Flyter – DART’s mixin

Time:2021-4-13

The original text is inhere. Well written, I recommend you to read the original.

Here is the definition of mixin
As long as a class is inherited fromObjectIf there is no constructor defined, then this class can be a mixin. Of course, if you want to make the definition of mixin clearer, you can usemixinKeyword. Please refer tohere

The original screenshot to experience the style.

Flyter - DART's mixin

text

In the classic object-oriented programming language, there must beRegular classesabstract classandInterface. Of course, dart has its own interface, but that’s another article. Sometimes other beasts lurk in the shadows:MixinWhat is this for and how to use it? Let’s find out together.

A world without mixin

Suppose you’re building an app that simulates wildlife, then you need oneMosquitoMosquitoes. As a visionary developer, you willabstractWhat mosquitoes have in common and then put it in one placeabstract classIn.

abstract class Insect {
  void crawl() {
    print('crawling');
  }
}

abstract class AirborneInsect extends Insect {
  void flutter() {
    print('fluttering');
  }

  void buzz() {
    print('buzzing annoyingly')
  }
}

class Mosquito extends AirborneInsect {
  void doMosquitoThing() {
    crawl();
    flutter();
    buzz();
    print('sucking blood');
  }
}

excellent! You’ve done it! Adding new insects is like a breeze. There is no redundancy at all… Until you find out you need oneSwallowClass (that is, something that can eat the whole mosquito).

There are also many things that birds have in common. We can create oneBirdClass. This is when the problem arises – birds can also vibrate their wings! But you can’tflutterMethods fromAirboneInsectClass to form a new classFluttering

Why?BirdClass can be inheritedFlutteringClass, butAirboneInsectNo, it’s inheritedInsectClass. Dart doesn’t support itMultiple inheritanceIt’s really good.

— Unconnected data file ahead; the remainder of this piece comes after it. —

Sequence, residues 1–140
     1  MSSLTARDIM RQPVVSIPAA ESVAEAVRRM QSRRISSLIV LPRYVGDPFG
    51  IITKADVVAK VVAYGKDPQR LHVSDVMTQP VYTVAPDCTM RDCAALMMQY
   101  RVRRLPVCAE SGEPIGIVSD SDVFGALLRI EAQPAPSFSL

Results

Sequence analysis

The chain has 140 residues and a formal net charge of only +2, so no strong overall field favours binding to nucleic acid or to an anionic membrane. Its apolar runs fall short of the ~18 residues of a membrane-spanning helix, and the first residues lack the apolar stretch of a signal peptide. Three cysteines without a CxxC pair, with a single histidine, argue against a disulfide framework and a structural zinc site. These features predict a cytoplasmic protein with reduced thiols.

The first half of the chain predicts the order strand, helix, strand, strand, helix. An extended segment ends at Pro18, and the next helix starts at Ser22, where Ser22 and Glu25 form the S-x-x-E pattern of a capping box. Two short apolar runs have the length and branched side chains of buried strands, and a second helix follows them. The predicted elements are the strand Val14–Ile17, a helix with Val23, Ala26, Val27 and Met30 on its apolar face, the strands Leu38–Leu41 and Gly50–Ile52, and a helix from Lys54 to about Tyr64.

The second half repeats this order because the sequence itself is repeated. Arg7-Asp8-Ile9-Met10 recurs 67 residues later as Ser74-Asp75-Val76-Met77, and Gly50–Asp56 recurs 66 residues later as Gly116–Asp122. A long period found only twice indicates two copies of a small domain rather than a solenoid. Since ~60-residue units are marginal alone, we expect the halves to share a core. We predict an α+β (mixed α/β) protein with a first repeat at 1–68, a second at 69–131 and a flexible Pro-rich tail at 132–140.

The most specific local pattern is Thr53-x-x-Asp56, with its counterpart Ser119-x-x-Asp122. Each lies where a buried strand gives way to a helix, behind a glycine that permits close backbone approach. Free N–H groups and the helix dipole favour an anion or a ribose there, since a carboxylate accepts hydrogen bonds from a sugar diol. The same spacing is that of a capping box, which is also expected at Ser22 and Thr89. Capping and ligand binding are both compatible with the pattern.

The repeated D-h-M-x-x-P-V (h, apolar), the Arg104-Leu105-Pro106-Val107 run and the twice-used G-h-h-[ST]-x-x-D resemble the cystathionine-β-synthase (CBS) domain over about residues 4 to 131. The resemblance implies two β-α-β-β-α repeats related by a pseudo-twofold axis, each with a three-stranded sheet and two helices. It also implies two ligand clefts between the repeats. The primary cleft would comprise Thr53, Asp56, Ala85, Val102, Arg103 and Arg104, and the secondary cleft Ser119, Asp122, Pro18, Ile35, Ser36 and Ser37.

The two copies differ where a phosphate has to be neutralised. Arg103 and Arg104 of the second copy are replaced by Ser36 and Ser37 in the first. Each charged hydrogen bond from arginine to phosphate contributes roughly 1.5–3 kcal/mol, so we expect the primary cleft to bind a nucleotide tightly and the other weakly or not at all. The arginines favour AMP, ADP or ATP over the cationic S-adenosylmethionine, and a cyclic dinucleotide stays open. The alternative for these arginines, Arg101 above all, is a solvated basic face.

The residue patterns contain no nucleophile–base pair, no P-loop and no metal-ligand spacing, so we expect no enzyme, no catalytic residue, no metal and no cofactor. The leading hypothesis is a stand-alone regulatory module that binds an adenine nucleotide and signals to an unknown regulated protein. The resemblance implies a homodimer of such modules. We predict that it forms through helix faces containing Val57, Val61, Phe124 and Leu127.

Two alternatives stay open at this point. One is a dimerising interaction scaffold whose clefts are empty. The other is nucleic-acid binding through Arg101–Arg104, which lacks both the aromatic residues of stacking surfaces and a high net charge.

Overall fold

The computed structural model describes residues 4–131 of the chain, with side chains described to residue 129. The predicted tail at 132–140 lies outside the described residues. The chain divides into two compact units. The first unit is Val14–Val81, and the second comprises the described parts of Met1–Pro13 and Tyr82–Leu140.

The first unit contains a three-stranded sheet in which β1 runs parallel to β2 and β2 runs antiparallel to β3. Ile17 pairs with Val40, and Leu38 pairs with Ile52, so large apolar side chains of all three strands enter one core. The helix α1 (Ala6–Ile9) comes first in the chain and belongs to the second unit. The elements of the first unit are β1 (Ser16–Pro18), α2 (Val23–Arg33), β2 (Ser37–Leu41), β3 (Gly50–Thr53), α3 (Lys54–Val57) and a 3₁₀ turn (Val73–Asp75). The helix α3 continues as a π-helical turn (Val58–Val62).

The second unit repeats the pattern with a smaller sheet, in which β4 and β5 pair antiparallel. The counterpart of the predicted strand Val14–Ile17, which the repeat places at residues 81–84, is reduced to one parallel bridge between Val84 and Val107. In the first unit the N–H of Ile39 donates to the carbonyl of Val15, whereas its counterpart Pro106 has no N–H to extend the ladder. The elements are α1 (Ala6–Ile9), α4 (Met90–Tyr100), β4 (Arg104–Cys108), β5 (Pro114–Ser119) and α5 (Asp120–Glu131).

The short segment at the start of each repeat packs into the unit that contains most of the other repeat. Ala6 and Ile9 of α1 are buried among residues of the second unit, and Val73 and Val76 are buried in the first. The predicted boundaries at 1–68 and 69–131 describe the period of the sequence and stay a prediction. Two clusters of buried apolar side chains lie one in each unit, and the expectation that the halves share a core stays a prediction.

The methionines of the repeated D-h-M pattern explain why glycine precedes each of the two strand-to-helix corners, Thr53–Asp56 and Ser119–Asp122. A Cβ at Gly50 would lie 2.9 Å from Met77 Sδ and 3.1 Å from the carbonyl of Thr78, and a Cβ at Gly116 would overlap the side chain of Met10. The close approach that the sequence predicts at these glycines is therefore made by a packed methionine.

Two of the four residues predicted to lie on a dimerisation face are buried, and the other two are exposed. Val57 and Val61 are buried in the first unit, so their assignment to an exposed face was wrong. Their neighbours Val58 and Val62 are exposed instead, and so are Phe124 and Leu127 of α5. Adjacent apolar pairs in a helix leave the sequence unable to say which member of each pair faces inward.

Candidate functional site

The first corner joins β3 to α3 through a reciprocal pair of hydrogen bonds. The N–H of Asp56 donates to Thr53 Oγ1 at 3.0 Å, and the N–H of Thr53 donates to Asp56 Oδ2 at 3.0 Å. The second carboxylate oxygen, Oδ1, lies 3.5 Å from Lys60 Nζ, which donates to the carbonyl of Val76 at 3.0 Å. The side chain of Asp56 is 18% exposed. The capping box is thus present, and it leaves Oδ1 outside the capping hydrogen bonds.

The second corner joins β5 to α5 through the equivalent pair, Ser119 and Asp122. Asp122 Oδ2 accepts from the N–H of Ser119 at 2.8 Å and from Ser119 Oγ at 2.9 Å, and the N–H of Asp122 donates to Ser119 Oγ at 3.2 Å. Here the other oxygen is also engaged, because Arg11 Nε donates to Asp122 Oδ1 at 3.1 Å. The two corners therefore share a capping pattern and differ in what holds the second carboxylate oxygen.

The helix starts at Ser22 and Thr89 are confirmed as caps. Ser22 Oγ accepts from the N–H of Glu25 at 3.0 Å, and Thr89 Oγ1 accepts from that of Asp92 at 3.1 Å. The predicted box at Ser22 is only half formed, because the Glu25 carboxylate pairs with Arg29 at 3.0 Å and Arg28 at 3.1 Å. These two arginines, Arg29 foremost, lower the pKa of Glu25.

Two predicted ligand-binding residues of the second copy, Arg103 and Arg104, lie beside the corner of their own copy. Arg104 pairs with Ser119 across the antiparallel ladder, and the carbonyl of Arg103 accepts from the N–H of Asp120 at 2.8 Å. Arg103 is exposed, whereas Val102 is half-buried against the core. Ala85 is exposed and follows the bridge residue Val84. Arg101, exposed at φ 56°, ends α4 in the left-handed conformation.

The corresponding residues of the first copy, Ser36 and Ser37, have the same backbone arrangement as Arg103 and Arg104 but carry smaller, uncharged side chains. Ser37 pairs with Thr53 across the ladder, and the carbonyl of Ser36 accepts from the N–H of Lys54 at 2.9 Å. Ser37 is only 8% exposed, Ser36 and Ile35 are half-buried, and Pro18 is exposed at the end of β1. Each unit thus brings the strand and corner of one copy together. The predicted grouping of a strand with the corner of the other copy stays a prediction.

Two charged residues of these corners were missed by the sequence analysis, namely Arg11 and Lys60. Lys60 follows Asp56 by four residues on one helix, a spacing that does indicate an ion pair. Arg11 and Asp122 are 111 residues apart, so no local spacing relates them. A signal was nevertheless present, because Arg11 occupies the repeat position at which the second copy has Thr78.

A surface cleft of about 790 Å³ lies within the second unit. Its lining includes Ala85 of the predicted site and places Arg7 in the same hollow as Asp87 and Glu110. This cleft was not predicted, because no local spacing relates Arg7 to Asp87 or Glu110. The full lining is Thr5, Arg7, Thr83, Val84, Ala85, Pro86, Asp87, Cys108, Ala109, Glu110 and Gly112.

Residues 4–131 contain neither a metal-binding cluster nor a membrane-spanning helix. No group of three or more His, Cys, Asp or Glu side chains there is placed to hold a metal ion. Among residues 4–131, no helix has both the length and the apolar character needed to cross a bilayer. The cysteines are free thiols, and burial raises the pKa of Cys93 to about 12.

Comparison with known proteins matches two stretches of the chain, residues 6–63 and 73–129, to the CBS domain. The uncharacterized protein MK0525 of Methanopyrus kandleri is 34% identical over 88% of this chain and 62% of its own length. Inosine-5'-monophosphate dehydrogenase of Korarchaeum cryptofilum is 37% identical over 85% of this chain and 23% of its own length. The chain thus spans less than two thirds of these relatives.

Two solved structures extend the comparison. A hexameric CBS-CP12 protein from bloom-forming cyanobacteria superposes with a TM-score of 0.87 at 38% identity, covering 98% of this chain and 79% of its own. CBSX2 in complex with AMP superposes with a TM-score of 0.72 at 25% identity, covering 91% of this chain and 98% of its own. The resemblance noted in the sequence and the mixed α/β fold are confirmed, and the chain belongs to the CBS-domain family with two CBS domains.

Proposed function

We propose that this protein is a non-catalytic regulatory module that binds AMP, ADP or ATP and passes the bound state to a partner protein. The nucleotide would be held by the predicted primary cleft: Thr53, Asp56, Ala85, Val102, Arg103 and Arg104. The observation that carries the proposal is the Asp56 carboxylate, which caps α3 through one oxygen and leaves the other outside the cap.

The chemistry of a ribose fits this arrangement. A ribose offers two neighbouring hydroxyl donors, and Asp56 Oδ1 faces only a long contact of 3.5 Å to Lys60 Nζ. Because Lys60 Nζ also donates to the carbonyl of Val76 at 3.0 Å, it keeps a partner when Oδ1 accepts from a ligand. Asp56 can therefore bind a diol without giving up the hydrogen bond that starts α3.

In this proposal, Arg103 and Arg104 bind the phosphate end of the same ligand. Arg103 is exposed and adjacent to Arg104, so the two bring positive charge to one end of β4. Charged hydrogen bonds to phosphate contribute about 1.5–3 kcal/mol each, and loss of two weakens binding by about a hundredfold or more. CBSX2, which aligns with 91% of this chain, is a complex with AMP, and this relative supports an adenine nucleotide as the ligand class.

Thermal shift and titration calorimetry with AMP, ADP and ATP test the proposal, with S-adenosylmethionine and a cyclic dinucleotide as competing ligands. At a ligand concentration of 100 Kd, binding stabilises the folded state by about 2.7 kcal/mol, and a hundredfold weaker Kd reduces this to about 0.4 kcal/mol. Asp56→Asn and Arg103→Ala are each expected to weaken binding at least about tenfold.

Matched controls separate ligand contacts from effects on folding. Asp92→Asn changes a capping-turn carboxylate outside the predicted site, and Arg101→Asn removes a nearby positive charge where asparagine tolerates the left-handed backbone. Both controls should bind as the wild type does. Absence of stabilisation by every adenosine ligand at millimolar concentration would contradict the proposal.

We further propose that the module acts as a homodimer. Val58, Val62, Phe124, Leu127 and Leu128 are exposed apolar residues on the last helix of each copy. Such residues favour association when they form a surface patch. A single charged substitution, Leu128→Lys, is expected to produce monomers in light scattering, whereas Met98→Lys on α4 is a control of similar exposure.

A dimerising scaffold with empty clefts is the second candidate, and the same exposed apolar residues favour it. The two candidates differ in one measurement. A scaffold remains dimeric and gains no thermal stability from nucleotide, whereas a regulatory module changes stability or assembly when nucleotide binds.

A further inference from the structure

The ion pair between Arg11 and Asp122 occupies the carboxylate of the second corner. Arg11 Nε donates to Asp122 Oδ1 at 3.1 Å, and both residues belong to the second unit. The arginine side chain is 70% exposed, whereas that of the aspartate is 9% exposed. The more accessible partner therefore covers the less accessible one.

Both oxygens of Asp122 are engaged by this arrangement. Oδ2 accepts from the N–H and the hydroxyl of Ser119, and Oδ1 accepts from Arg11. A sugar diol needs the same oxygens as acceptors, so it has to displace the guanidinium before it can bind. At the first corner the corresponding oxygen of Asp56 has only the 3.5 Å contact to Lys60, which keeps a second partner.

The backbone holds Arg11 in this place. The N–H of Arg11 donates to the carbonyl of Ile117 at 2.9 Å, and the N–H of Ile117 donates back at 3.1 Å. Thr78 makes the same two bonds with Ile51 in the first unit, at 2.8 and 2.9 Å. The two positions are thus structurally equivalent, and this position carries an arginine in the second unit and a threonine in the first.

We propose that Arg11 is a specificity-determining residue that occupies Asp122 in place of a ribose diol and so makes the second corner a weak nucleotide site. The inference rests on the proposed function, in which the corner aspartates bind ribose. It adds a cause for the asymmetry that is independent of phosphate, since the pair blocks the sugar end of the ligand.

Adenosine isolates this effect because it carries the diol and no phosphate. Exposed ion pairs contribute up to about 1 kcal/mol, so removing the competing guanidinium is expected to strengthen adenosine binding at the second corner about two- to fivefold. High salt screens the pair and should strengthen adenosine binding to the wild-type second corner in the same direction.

Now, you need to giveBirdClass to add aflutterThere’s no way. Code redundancy happened!

abstract class Bird {
  void chirp() {
    print('chirp chirp');
  }

  // Duplicate method
  void flutter() {
    print('fluttering');
  }
}

class Swallow extends Bird {
  void doSwallowThing() {
    chirp();
    flutter();
    print('eating a mosquito');
  }
}

Using mixin

Mixin is defined as “a method to use class code in multiple inheritance trees.”. In short, mixin allows you to introduce code block methods without inheritance. To declare a mixin is very simple:

mixin Fluttering {
    void flutter() {
        pring('fluttering');
    }
}

thismixinIt can only be used in a general abstract classwithkeyword. In the wild animal simulation app example, you may want to use it on abstract classes.

mixin Fluttering {
  void flutter() {
    print('fluttering');
  }
}

abstract class Insect {
  void crawl() {
    print('crawling');
  }
}

abstract class AirborneInsect extends Insect with Fluttering {
  void buzz() {
    print('buzzing annoyingly');
  }
}

class Mosquito extends AirborneInsect {
  void doMosquitoThing() {
    crawl();
    flutter();
    buzz();
    print('sucking blood');
  }
}

abstract class Bird with Fluttering {
  void chirp() {
    print('chirp chirp');
  }
}

class Swallow extends Bird {
  void doSwallowThing() {
    chirp();
    flutter();
    print('eating a mosquito');
  }
}

You can also use multiple mixins on a single class. If you need to use achirpingIn case of mixn, just use it with flying mixin.

abstract class Bird with Fluttering, Chirping

Limiting the use of mixin

Sometimes you don’t want mixin to be used on existing classes, you just want it to be used on certain classes or subclasses. Usually your code depends on existing code.

In the case of the wildlife app, you find that only supportswallowIt’s not enough. There are other kinds of birds, such as sparrow or blue jay. Unlike sparrows, many other birds need to peck from the ground, seeds, insects…

toBirdAdding methods to abstract classes is impossible because not all birds need to peck. So, to avoid code redundancy, you can create aPeckingMixin.

mixin Pecking {
  void peck() {
    print('pecking');
  }
}

That’s at least a lot better than code honor. However, some people will use this mixin in the futureInsectClass. In this way, using mixin is a big problem.

When you start to study the movement of a bird, you will find that the bird will emit a pleasant song after the food is expelled. Call from the current mixinchirpThe method is impossible. It’s very easy to change. Just tell dart,PeckingMixin can only be used inBirdClass. Now callBirdThere is no problem with the methods of the class.

//...
mixin Pecking on Bird {
    void peck() {
        print('pecking');
        chirp();
    }
}

class Sparrow extends Bird with Pecking {}

class BlueJay extends Bird with Pecking {}

conclusion

Mixin is very useful for avoiding code redundancy in inheritance systems. Mixin can also be constrained to be used only for certain classes, which makes them a powerful tool for development!

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